Housing 18 is further formed with a recess 18k wherein a light-emitting diode 26 is positioned. Lead wires 28 and 30 interconnect winding 24b of transducer 24 and diode 26 and connect them to the lead wires 12. A male connector plug 32 is provided to connect the lead wires 12 to the record player 10, as shown most particularly in FIG. 1 of the drawings.
When it is desired to have an individual experience the learning process, whereby auditory information is transmitted with greater clarity and intensity to the auditory reception and processing areas of the brain, it is merely necessary to insert the connecting plug 32 of the learning device 14 into the appropriate receptacle or jack of an ordinary record player 10. Such player may be a disc player, regular tape player, cassette tape player or the like, the only necessity being that audio signals are provided to the transducer 24 and signal light 26.
Upon receipt of an audio signal at device 14, the winding 24b is suitably energized, thereby creating lines of electromotive force about the permanent magnet 24c. Such lines of force interact with the magnetic lines of force of the permanent magnet to cause the latter to be urged to move in a given longitudinal direction. Thus, the audio information in the form of electrical signals from the player is converted into physical forces on the magnet. However, due to the difference in mass between the unsecured, permanent magnet and the housing and its stationary parts, the force on the permanent magnet is transformed into a longitudinal movement of housing 18. This movement causes compression of one of the rubber retainers. Between signal excursions, the retainers tend to return the magnet to its null position and the device is then ready to receive the next audio excursion.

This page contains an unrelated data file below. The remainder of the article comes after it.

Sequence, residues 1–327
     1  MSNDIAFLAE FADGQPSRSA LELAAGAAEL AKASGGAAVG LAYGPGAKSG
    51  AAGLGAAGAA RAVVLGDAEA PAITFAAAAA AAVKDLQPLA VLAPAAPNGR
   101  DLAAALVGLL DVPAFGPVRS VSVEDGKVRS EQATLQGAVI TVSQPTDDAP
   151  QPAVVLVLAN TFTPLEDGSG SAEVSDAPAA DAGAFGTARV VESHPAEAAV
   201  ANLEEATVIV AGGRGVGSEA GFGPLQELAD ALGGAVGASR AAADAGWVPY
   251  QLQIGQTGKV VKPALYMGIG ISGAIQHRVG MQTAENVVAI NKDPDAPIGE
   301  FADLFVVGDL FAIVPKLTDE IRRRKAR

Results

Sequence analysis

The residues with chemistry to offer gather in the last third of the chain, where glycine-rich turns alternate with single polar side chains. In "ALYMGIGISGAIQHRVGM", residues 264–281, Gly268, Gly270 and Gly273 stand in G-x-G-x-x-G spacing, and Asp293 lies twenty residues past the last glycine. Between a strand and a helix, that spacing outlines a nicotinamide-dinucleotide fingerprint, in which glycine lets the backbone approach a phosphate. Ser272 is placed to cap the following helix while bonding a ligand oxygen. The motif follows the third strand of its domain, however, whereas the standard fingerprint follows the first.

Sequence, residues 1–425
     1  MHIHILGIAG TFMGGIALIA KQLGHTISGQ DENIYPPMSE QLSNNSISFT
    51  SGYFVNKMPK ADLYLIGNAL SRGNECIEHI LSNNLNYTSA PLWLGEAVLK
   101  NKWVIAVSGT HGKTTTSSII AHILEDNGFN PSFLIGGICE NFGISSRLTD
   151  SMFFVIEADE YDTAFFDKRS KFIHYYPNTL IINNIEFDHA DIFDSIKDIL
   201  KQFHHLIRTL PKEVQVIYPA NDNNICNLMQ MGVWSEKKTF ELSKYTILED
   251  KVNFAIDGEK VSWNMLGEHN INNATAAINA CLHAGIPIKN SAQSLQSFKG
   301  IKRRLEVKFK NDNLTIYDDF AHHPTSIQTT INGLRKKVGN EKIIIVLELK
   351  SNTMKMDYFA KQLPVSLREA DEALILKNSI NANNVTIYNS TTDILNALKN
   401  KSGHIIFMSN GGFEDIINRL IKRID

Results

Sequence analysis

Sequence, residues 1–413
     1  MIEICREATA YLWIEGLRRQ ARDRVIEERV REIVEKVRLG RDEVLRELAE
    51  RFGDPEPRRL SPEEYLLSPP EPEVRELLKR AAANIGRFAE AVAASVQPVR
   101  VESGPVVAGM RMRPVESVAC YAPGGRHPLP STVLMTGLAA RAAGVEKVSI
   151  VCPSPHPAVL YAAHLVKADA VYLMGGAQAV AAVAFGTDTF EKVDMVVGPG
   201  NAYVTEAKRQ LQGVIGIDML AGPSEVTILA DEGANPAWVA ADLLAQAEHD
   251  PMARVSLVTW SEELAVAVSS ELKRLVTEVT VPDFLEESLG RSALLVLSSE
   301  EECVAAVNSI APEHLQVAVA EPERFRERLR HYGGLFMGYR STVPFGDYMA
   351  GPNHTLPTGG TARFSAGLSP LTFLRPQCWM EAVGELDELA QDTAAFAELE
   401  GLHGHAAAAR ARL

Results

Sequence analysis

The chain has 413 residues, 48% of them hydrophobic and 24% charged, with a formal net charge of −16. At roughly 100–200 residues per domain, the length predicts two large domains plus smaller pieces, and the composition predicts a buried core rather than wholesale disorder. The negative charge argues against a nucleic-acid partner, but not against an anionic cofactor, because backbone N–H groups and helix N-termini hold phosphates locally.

The frequency characteristics of such electrical signals determine the frequency of the mechanical movement of the housing 18, and the amplitude of such electrical signals determines the magnitude of movement of the housing.
By holding the housing 18 against the individual's skull, the sound information in the form of specific vibrational frequency is thereby transmitted through the entire cranial cavity thereby providing a stimulus which is translated into specific meaningful responses within the brain.
Whenever a sound signal is received by the learning device, the light-emitting diode 26 is energized at the same frequency and amplitude, thereby causing the translucent housing 18 to be lighted accordingly and visually inform the user that information is being transmitted.
In the learning process employing the subject device 14, the information transmitted to the individual normally is in the form of instructions requiring the individual to record certain information on a piece of paper. As such, the writing portion of the instrument is then used to accomplish that objective.
It is thus seen that the present invention provides a learning device for teaching individuals with perceptual impediments in a more efficient way.
Although there have been shown and described certain specific embodiments of the invention, it is to be understood that many modifications thereof are possible. The invention itself is not to be restricted, except insofar as is necessitated by the prior art and by the spirit of the appended claims.
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|U.S. Classification||434/114, 434/319|